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Rösti - not as straightforward as you might think.

"no one, as far as I can tell, has come up with anything even vaguely resembling a definitive rösti recipe" Felicity Cloake

A rösti is just a potato fritter isn't it? Well yes and no - as this selection of Rainbow rösti from Taste demonstrates. And we are not even talking about Italian or French style authenticity here, even though what is shown here is definitely not authentic. The one sure thing I have gleaned from this particular investigation is that if indeed there is anything authentic about rösti it is that potatoes are involved.

Yes it is a Swiss dish - well I might come back to that, but as Felicity Cloake notes in her article on how to make the perfect rösti:

"it's almost as if the Swiss want to keep the recipe secret, tucked away in a subterranean vault, as establishing anything concrete about this Alpine favourite, from the type of potatoes used to the cooking method, is a feat akin to scaling the north face of the Eiger."

Which is sort of nice. People can get so hot under the collar about food authenticity sometimes. Suffice to say it's definitely a dish from the German part of Switzerland. They even call the divide between French and German Switzerland the Röstigraben, which means Rösti ditch. Which implies - as one writer said that the French are not into rösti. He said they have Pommes Dauphines instead - but really the only similarity there is potatoes and fried - because the potatoes are mashed and shaped into balls. Not the same thing at all.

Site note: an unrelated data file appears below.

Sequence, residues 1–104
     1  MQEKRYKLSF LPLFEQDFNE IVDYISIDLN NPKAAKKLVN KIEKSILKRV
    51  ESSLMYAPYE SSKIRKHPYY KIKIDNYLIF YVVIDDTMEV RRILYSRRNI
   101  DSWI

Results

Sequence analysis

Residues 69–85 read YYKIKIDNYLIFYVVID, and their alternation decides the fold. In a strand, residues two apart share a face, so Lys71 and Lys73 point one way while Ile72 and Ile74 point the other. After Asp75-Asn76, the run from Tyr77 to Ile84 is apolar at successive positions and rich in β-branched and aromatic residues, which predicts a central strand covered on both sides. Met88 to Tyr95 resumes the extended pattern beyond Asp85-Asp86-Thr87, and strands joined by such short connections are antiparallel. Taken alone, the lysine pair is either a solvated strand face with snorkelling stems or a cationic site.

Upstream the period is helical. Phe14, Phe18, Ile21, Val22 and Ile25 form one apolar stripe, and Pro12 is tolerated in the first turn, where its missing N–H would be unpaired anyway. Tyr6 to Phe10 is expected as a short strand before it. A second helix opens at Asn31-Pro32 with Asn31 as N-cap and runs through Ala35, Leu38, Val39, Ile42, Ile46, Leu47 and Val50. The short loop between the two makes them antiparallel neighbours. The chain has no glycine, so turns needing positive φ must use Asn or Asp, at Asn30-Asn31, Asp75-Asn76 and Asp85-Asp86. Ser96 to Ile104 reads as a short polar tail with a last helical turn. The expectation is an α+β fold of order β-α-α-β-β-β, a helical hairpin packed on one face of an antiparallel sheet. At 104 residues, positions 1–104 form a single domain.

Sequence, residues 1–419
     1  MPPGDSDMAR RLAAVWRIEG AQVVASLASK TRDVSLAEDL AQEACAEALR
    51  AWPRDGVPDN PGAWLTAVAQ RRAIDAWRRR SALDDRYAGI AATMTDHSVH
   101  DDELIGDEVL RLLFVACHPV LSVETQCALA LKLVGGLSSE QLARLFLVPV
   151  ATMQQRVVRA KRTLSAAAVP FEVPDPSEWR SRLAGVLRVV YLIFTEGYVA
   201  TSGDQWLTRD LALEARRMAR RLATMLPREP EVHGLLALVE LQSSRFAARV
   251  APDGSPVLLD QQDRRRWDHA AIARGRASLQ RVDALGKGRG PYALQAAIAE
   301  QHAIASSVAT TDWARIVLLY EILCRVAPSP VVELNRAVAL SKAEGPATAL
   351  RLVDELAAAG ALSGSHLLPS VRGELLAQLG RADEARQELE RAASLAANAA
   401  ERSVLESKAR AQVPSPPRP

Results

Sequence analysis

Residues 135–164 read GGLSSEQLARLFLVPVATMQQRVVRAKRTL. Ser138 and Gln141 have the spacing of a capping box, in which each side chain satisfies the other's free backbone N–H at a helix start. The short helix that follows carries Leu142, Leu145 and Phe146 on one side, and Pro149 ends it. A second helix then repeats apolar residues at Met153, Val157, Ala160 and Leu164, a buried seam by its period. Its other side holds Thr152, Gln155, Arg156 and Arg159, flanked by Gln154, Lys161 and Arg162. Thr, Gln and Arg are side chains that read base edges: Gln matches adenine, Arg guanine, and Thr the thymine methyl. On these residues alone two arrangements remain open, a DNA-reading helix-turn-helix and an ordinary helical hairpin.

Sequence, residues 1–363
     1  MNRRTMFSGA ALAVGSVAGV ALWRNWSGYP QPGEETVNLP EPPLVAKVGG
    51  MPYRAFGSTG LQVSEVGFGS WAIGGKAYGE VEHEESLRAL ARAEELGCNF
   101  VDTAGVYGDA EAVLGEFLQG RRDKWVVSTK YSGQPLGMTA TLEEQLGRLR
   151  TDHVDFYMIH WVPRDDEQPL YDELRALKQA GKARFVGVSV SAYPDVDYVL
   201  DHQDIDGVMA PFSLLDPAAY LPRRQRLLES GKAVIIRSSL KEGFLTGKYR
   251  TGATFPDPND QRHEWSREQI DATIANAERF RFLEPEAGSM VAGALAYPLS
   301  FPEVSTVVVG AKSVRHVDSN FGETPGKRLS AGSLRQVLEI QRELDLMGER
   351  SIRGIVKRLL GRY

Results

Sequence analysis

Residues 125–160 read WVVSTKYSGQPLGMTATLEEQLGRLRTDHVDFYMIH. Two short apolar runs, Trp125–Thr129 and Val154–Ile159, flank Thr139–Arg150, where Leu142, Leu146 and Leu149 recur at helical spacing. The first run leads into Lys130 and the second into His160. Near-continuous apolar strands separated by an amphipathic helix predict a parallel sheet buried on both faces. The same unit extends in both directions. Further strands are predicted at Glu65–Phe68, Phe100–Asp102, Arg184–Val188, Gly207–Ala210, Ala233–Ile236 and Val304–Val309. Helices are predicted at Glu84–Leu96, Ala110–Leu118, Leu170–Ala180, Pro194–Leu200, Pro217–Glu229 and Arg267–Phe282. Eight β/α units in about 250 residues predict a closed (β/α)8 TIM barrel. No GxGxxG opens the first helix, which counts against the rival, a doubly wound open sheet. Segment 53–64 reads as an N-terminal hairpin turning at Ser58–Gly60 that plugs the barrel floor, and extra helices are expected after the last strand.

Latkes and Hash browns however are another thing and easily confused with rösti. Here we have, on the left, Claudia Roden's Latkes and on the right Food 52's Hash browns.

There are definitely similarities. According to Recipe Tin Eats' Nagi Maehashi the differences are:

"Rostis (or properly spelt rösti), which originate from Switzerland, typically are pan fried in a medium(ish) skillet then cut up to serve as a side dish for a meal;

Hash browns are usually individual size – think Macca’s hash browns – and served for breakfast; and

Latkes are also individual size but usually bound with some egg and flour, and because of these additions, they are not as crispy – unless you basically deep fry them."

Truth to tell I'm not sure the is quite right about the hash browns. Indeed there seems to be even less agreement about hash browns than about rösti - they seem to be anything from a whole lot of chopped vegetables, mostly potato ('hash' after all is derived from the French 'hasher' meaning to chop), fried together in a pan, to the the pancake kind of thing shown above. She does seem to be right about the latkes though - eggs and flour are definitely involved, and are not in rösti.

So let's just stick to rösti. According to Felicity Cloake, what we are trying to achieve here is something: "Crisp on the outside, soft and meltingly, well, potato-ey within". And I have to say that Nagi Maehashi's results - both small and large, look pretty much spot on.

It's a good explanatory recipe with lots of little tips along the way - like this one.

"Don’t worry if your potatoes go brown / reddish while sitting around. This is just from oxidation (reaction of potato to air) and it’s all bluster; it doesn’t mean the potato is off. Once you start cooking, it will change back to white" Nagi Maehashi

But then again, Serious Eats, warned against the potatoes going brown.

It seems to me that the main controversies around making rösti are:

  1. What potatoes do you use - floury or waxy? Opinion is very divided. They seem to think the waxy ones hold their flaky shape better.

  2. Do you peel the potatoes or not? - Felicity Cloake, having tried with the skin and without says - "I'm astonished at how much flavour the skin gives the rösti"